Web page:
This video-assisted course will discuss practical tips to ensure precise refractive outcomes with new-generation toric IOLs, including multifocal toric and extended depth of focus toric IOLs. Posterior corneal curvature, newer generation IOL power formulae and selecting the right premium toric IOL based on patient profile will be emphasized. Methods of toric IOL alignment will be discussed, with emphasis on image-guided surgeries and intraoperative aberrometry. Challenging cases such as small pupil, extended rhexis, bag dialysis and posterior capsular rupture will be demonstrated, with a case-based discussion of when not to implant toric IOLs. Refractive surgical procedures for post-phacoemulsification enhancement, including corneal ablative and lens-based procedures, will be discussed. The course will highlight an assessment of toric IOL misalignment, with case scenarios of decision-making and management. Senior Instructor: Jeewan S. Titiyal, MD

    244 - The Advanced Medical and Surgical Management of Ocular Surface Disorders
    This course will introduce the general principle for the ocular surface and discuss the clinically relevant medical and advanced surgical management of ocular surface disorders. The indications for and selection of surgical management and postoperative care for ocular surface reconstruction, including conventional limbal transplantation, single limbal epithelial transplantation, mucous membrane grafting and amniotic membrane transplantation, will all be discussed. Current cellular therapy, including cultivated corneal and oral mucosal epithelial sheet transplantation, will also be presented in detail. Senior Instructor: Shigeru Kinoshita, MD

    *LAB121 - Basic Oculoplastic Surgery
    This course is designed to refresh the ophthalmologist's basic oculoplastics skills in a laboratory setting (using cadaver head specimens), while simultaneously reviewing the fundamentals of ophthalmic plastic and reconstructive surgery. The basic principles involved in choosing suture materials and types of suture needle for various oculoplastics procedures will be reviewed. Surgical positioning and instrumentation will be touched upon as the course participants perform various surgical techniques employed in ophthalmic plastic and reconstructive surgery, with instructor assistance. Course Director: Michael K. Yoon, MD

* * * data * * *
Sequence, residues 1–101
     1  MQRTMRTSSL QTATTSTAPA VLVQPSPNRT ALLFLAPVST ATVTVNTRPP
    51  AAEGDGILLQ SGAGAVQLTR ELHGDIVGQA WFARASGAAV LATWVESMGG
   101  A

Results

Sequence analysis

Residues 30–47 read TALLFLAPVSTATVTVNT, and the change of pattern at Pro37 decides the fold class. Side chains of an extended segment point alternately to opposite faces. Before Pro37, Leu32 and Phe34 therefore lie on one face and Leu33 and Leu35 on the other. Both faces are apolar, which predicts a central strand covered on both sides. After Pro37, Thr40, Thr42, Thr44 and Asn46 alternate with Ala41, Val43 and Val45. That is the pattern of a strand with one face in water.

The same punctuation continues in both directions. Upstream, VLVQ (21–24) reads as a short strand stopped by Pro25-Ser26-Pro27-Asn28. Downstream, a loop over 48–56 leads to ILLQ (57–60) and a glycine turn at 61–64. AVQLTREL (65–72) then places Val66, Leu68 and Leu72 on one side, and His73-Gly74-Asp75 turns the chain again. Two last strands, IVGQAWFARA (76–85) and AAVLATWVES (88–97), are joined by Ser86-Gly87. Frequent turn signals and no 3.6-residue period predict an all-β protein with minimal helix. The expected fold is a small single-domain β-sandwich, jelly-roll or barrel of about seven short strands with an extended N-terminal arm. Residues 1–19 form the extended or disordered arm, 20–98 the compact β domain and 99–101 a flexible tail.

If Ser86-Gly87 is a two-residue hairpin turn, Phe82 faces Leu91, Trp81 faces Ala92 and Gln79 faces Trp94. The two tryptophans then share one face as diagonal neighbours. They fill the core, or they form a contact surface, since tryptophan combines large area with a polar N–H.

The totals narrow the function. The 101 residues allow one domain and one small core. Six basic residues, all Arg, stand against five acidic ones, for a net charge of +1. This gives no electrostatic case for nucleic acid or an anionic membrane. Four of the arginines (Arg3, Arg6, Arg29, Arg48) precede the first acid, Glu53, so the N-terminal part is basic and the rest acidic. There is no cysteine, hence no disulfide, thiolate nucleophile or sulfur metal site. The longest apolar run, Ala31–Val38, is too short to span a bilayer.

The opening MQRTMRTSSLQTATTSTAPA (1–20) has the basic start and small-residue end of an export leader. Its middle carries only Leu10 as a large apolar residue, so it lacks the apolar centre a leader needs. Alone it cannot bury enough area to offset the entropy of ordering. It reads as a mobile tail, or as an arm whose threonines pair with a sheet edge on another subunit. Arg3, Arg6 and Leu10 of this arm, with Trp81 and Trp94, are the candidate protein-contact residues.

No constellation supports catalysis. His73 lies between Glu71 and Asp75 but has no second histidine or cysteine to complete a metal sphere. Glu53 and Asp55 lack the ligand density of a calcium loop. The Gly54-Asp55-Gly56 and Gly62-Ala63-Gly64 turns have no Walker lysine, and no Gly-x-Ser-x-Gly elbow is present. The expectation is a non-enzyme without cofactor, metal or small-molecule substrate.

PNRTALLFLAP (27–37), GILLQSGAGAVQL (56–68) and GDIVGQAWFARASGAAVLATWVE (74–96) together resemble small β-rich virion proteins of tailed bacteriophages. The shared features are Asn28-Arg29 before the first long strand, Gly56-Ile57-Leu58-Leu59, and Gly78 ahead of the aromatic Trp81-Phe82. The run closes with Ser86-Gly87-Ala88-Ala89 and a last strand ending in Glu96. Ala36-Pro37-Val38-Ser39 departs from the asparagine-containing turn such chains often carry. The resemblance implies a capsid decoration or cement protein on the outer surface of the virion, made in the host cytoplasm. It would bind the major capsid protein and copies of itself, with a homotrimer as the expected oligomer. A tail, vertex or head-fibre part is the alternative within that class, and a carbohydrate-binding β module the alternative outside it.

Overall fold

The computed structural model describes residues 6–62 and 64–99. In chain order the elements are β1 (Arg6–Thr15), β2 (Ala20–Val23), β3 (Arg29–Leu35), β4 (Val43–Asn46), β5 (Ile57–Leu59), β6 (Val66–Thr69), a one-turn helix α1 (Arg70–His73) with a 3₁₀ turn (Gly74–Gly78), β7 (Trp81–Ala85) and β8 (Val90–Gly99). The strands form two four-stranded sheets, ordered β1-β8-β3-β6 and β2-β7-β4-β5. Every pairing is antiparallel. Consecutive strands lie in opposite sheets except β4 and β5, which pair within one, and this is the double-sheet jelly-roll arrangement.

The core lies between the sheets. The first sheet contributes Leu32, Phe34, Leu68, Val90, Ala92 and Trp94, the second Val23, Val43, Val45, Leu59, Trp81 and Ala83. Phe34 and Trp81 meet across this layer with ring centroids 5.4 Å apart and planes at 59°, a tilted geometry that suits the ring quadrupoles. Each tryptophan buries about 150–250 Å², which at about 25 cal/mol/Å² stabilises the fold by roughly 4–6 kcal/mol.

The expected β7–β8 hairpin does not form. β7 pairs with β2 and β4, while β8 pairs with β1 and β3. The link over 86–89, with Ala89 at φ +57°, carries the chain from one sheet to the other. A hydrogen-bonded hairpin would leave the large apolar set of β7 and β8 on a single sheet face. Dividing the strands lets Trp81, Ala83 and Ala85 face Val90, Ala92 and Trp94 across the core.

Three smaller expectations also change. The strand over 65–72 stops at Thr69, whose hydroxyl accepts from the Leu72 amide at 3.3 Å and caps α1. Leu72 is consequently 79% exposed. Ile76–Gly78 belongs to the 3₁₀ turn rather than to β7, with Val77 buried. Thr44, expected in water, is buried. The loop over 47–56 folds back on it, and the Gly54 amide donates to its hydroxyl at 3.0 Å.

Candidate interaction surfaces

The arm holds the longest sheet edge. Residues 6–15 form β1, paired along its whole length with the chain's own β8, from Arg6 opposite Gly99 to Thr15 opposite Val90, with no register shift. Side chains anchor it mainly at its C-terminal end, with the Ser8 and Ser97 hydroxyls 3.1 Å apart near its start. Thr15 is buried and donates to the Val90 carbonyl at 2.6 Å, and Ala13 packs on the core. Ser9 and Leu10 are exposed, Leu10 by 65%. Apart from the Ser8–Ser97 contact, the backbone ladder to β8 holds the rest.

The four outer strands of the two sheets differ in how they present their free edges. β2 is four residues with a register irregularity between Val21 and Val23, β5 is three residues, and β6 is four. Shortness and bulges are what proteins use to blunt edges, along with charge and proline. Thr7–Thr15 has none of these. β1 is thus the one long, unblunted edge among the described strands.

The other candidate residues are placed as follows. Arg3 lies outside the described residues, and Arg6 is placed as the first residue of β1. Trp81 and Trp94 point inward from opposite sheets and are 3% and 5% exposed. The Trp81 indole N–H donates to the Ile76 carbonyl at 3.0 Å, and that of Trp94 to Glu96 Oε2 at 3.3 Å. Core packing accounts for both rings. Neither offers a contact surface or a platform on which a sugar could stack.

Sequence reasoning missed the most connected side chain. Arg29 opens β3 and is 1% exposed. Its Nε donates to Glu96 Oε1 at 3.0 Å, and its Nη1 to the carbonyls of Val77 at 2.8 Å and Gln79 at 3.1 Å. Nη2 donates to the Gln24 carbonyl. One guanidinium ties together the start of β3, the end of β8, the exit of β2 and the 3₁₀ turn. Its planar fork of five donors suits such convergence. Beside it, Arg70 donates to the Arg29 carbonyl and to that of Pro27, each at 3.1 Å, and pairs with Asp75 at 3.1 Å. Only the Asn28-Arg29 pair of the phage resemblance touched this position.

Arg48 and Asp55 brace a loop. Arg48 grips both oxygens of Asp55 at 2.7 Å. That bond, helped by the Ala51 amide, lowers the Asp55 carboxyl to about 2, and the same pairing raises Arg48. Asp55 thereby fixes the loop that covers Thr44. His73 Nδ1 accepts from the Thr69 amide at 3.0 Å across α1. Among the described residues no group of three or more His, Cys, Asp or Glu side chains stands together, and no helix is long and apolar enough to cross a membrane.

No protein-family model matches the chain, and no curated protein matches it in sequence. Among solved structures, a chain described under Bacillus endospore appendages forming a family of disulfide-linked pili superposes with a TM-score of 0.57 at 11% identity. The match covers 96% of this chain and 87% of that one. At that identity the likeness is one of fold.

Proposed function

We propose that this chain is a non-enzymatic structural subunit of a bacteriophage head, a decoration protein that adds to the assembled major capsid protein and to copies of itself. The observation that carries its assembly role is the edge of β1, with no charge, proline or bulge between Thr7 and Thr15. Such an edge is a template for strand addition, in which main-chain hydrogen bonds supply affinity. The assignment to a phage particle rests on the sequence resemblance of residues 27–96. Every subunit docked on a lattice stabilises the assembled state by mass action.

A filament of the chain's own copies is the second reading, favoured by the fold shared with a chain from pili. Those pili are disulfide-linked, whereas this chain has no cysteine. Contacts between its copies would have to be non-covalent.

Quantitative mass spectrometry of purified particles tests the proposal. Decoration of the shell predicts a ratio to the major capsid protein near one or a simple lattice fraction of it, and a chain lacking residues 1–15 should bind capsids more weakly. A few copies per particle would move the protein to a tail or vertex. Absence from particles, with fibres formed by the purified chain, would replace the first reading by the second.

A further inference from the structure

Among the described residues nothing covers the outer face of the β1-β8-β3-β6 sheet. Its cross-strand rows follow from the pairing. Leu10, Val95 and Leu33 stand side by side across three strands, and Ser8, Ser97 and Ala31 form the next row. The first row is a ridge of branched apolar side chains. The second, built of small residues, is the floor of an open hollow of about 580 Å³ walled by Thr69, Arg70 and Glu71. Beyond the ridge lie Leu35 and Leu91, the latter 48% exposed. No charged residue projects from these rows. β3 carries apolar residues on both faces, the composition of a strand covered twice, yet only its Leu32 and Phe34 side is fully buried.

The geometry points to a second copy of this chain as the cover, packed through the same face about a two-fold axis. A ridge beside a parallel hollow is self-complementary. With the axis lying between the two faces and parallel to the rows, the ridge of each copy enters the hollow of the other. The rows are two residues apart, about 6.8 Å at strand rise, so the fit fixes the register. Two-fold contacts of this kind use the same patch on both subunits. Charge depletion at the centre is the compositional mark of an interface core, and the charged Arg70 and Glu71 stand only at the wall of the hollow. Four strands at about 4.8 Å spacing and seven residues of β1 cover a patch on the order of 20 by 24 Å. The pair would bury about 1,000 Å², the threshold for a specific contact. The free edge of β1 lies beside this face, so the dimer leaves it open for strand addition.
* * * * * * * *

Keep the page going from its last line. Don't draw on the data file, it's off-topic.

260 - Best Practices in the Management of Uveitis: The American Uveitis Society Course
    Cosponsored by the American Uveitis Society
    This course presents a distillation of knowledge about uveitis/intraocular inflammation for the practicing ophthalmologist, delivered by experts on behalf of the American Uveitis Society. Senior Instructor: Jennifer E. Thorne, MD, PhD

    Sunday, Nov. 5

    408 - Review of Clinical Optics
    This review of clinical optics will prepare ophthalmology residents to take the Ophthalmic Knowledge Assessment Program examination and graduates of residency training programs to take the written qualifying examination of the American Board of Ophthalmology. The course will be taught in a Q&A format, focusing on problem-solving. Content and illustrations will be drawn from the American Academy of Ophthalmology's Basic and Clinical Science Course book on Clinical Optics. This is not a course on practical optics for the practicing clinician. Senior Instructor: Kevin M. Miller, MD

    425 - Corneal Edema, Opacification, Ectasia and Bacterial Keratitis: Diagnosis and Treatment Strategies From the Preferred Practice Patterns Guidelines